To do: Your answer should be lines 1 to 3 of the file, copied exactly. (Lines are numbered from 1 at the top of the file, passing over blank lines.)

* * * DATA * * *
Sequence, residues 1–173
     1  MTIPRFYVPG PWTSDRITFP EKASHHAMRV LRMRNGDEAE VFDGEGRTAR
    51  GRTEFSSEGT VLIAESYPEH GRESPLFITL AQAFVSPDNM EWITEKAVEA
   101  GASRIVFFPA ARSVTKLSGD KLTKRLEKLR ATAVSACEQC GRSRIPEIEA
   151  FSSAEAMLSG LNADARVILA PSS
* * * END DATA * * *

Sequence, residues 1–173
     1  MTIPRFYVPG PWTSDRITFP EKASHHAMRV LRMRNGDEAE VFDGEGRTAR
    51  GRTEFSSEGT VLIAESYPEH GRESPLFITL AQAFVSPDNM EWITEKAVEA